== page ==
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Forget educated, can we first get an interested electorate?

Presidents and politicos have, since the inception of this country, spoken to the need for an educated electorate. In this day and age — with social media misinformation, politically oriented news media, some heavily funded by interest groups, corporate sponsors and wealthy benefactors — educating the electorate is a much more complicated task. And yet looking at the statistics over the past several decades, it would seem that what we first need is an electorate that shows an interest in voting.

An estimated 113 million people participated in the 2018 midterm elections, making this the first midterm in history to exceed over 100 million votes, but that turnout only represented 49% of eligible voters.

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Not quite 56% of the U.S. voting-age population cast ballots in the 2016 presidential election, representing a slight uptick compared with 2012 but less than in the record year of 2008.

The Census Bureau estimated that there were 245.5 million Americans ages 18 and older in November 2016, about 157.6 million of whom reported being registered to vote. (While political scientists typically define turnout as votes cast divided by the number of eligible voters, in practice turnout calculations usually are based on the estimated voting-age population, or VAP.) Just over 137.5 million people told the census they voted in 2016, somewhat higher than the actual number of votes tallied – nearly 136.8 million, according to figures compiled by the Office of the Clerk of the U.S. House of Representatives. The 55.7% VAP turnout in 2016 puts the U.S. behind most of its peers in the Organization for Economic Cooperation and Development (OECD), most of whose members are highly developed, democratic states. Looking at the most recent nationwide election in each OECD nation, the U.S. placed 26th out of 32 (current VAP estimates weren’t available for three countries).

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Since 1976, voting-age turnout has remained within an 8.5-percentage-point range — from just under 50% in 1996, when Bill Clinton was re-elected, to just over 58% in 2008, when Barack Obama won the White House.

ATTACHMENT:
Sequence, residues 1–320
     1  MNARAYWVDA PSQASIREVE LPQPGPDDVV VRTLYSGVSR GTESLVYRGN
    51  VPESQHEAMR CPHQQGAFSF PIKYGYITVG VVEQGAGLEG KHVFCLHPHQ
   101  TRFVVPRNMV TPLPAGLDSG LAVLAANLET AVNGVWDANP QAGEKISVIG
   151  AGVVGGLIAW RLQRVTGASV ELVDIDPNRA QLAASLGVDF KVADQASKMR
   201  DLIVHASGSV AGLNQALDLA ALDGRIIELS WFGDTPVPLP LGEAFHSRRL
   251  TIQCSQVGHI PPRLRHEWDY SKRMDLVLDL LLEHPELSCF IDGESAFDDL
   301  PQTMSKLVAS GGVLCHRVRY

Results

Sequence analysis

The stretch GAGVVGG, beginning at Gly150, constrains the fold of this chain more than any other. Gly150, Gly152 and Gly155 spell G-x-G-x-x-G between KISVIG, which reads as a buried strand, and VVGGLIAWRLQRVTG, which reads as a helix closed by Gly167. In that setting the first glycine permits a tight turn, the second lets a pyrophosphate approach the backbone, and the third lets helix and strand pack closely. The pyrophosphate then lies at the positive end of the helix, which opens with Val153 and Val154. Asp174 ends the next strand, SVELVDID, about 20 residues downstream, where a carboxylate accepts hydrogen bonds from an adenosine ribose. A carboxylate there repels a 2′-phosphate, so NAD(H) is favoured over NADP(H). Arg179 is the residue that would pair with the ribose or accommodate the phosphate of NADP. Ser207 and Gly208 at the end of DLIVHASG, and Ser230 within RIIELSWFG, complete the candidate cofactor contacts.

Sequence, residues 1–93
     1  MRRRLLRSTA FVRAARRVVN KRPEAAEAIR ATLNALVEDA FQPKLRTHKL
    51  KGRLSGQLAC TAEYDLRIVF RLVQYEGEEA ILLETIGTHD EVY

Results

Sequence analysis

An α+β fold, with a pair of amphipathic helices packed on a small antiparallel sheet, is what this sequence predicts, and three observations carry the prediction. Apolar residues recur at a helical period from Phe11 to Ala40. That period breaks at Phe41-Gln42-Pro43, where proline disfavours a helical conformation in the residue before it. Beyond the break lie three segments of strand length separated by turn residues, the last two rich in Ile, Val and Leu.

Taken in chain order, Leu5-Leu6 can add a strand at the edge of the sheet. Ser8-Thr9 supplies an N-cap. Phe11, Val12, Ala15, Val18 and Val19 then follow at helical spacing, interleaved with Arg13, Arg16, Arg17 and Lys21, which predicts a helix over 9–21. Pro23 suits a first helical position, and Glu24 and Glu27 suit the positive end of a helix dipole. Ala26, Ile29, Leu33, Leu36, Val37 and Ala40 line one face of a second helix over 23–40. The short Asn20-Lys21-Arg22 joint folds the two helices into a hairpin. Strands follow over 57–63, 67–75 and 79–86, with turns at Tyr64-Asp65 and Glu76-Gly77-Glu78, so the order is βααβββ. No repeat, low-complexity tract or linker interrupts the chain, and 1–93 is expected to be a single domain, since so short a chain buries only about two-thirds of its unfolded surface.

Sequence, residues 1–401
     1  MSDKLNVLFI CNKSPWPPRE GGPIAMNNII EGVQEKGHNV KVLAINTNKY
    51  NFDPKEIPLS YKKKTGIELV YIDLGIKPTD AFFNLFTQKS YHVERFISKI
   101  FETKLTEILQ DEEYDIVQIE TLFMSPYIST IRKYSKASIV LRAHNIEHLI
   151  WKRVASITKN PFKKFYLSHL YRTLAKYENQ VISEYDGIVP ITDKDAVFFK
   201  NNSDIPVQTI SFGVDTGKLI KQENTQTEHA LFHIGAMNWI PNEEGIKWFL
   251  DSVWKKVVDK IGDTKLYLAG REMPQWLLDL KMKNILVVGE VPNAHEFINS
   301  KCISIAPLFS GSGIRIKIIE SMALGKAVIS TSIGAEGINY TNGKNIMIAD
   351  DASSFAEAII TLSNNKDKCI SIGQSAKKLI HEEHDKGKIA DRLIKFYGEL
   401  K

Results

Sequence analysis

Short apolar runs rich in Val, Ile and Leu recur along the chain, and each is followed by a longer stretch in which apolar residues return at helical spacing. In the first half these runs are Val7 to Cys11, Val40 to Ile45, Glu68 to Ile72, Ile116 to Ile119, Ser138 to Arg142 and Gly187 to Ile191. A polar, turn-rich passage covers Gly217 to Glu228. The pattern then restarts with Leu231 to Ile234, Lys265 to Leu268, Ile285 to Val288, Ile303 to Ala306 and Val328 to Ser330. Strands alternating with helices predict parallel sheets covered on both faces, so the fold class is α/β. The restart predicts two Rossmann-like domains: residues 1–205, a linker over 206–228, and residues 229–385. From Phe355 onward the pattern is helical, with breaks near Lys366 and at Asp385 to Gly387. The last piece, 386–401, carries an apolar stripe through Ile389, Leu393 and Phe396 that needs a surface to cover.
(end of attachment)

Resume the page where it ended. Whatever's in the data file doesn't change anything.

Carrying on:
The bottom line is many in our country have so little interest in those governing our nation, making decisions that dramatically affect our lives, that they don’t take the time to register and vote.

The other problem is that many voters vote based on family, community or regionally established traditions. There is also a growing segment of the voting public that is so ideologically centered that they simply vote party line without taking a serious look at the issues or candidates.

Issue voting used to correlate with party affiliation and to a certain extend still does except that many issue voters and party affiliated voters actually vote for candidates who do not represent their positions. For example, the majority of Republicans favor gun registration laws, Social Security and Medicare, but the candidates they vote for do not. The majority of Republicans believe in global warming and climate change and that humans are the or a primary cause, but their candidates do not. Apparently the pull of ideology trumps issues or candidate qualification determinations.

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Misinformation supplied by social media, which is ripe for interference from foreign players and extremist conspiracy theorists, and a news media that becomes more biased and ideologically oriented each year, makes it increasingly difficult for a responsible voter to make sense of what they see and hear and to make a reasoned and rational choice.

Democracy is in a transitional phase right now, and what occurs in the 2020 election may decide for some time how well our democracy functions, if it functions at all. Our founding fathers were correct to emphasize the importance of an educated electorate, but first we need an electorate that cares.

To those who just haven’t had the time to register or vote, those who haven’t had the time to acquaint themselves with the issues and candidates, you need to rethink your priorities; you need to get interested in our institutions, our government, our policies and those we put in place to represent us or we may find our democracy isn’t as democratic as we believed.

Kenneth Buck (kpbuck@verizon.net) is a retired federal law enforcement officer.

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